HP Elite X2 1011 G1 review
Processor: Dual-core 1.1GHz Intel Core M-5Y51, RAM: 8GB, Size: 298x204.2x20.8mm, Weight: 1.65kg, Screen size: 11.6in, Screen resolution: 1,920x1,080, Graphics adaptor: Integrated Intel HD Graphics 5300, Total storage: 256GB SSD
Transforming tablet-slash-laptops are popular for a reason; people want the convenience of a tablet and the productivity of a laptop, without having to buy both. Hybrids are now a dime a dozen, but few are aimed towards business users. The HP Elite X2 1011 G1 is one of those few.
It's enterprise-friendly, with a biometric fingerprint sensor to provide security above that of a standard password, smartcard reader built into the detachable Power Keyboard, integrated Trusted Platform Module and a suite of HP management applications. Signing into Windows was particularly satisfying, with just a simple swipe across the fingerprint reader located below the keyboard taking us to the desktop.
The Elite X2 can be used as either an 11.6in tablet or, when docked to its Power Keyboard, as a fully-fledged laptop. Using the Power Keyboard has the added benefit of also supplementing the tablet’s 2-cell battery with an additional 6-cell battery for extra longevity. With the two components combined, the Elite X2 lasted an excellent 12 hours 36 minutes, meaning it’ll easily get you through an average working day.
It isn’t the most compact tablet at over 10mm thick, and nor is it the lightest at 870g. The 11.6in screen means it’s also slightly awkward to hold, and is far from being a one-handed device. The Power Keyboard makes the overall package twice as thick at 21mm, but at just 1.65kg combined the Elite X2 is still reasonably light for an ultra-portable laptop.
Tablet and keyboard dock together using magnets and clips, which secure the pair together quickly and simply. The two components are evenly weighted, so there’s no chance of the laptop tipping backwards and it feels nice and secure, letting you pick it up by the screen. We were a little worried the Power Keyboard was obscuring the front-facing stereo speakers at the bottom of the tablet, but happily we didn’t hear a noticeable difference in sound quality while the tablet was docked. Sound quality is respectable but as tinny, as with most tablets.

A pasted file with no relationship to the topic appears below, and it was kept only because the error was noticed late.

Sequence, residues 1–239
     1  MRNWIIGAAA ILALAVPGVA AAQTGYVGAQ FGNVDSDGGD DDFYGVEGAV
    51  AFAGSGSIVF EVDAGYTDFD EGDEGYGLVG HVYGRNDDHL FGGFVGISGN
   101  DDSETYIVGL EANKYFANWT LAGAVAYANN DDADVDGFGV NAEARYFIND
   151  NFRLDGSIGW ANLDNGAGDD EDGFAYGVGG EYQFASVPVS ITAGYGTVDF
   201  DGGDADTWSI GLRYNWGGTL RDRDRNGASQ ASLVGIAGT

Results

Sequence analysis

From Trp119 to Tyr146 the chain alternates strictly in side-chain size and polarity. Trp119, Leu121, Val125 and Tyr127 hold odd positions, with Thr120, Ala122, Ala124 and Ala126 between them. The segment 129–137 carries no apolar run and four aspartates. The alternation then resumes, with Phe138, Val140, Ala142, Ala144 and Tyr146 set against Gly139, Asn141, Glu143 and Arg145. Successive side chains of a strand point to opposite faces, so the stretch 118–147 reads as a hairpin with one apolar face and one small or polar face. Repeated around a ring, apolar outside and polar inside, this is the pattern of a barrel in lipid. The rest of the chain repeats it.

The tablet is powered by an Intel Core M-5Y51 processor that runs at 1.1GHz, but can turbo boost to 2.6GHz. Performance in our multimedia benchmarks was respectable, with a score of 79, but the Elite X2 is unsurprisingly better suited to more day-to-day, office-based tasks. You might find it will begin to struggle under more processor-intensive tasks such as video editing, even with 8GB of RAM.
We found the Elite X2’s display to be somewhat disappointing. It has a 1,920x1,080 resolution and has perfectly acceptable brightness at 384.7cd/m2, but black levels were lacking at 0.45cd/m2. Colour accuracy was very disappointing, at just 63.5% coverage of the sRGB colour gamut, making the device a poor choice for colour accurate work. Viewing angles were at least respectable.
There’s not much in the way of connections on the tablet, with just a docking connector and a headphone jack on the bottom that is only exposed when the tablet is undocked from the keyboard. There’s another headphone jack on the keyboard for when they’re connected. There’s also a SIM card slot for the 4G modem and a microSD expansion slot. The Elite X2 has a 256GB M.2 SSD installed, so there’s already plenty of storage out of the box. A Wacom stylus is also hidden away in the bottom of the tablet, giving you another way to interact with the screen.
With no other connections on the tablet, there’s no way to charge it independently of the Power Keyboard, which we found disappointing. It means you can’t carry the tablet around separately from the keyboard in case the battery runs out while on the road.
Chances are you’ll be carrying the Power Keyboard with you anyway, as it holds the majority of the connections. There are two USB3 ports, which can be considered generous for a hybrid laptop, as well as a DisplayPort connection for an external monitor. There’s also a proprietary HP dock connector that can be used with an optional Ethernet and VGA adaptor (£36 inc VAT from store.hp.com). The Elite X2 also has the faster 802.11ac Wi-Fi and Bluetooth 4.0.
The backlit keyboard was comfortable to type on, although we did find that the occasional keystroke was getting missed on account of its small keys. The HP Forcepad touchpad was also pleasant to use; it’s a generous size and uses pressure sensitivity to register clicks. We found it fiddly to use, however, preferring conventional tap to click instead. You of course also have the option of using the touchscreen.
If you’re after a business-focused hybrid laptop, the Elite X2 has plenty of office-friendly credentials and display quality is the only real blemish on an otherwise capable machine. It’s a great choice for a run-all-day work laptop, but if you’ll be spending more time in tablet mode you should consider the cheaper Microsoft Surface 3 instead.
|Processor||Dual-core 1.1GHz Intel Core M-5Y51|
|Memory slots (free)||0|
|Sound||Realtek HD Audio (3.5mm headset port)|
|Pointing device||Touchpad, Wacom stylus|
|Graphics adaptor||Integrated Intel HD Graphics 5300|
|Total storage||256GB SSD|
|Optical drive type||None|
|Ports and expansion|
|USB ports||2x USB3|
|Memory card reader||MicroSD|
|Other ports||Smartcard, HP Docking|
|Operating system||Windows 8.1 Pro|
|Operating system restore option||Restore partition|
|Parts and labour warranty||Three year limited warranty|
|Price inc VAT||£984|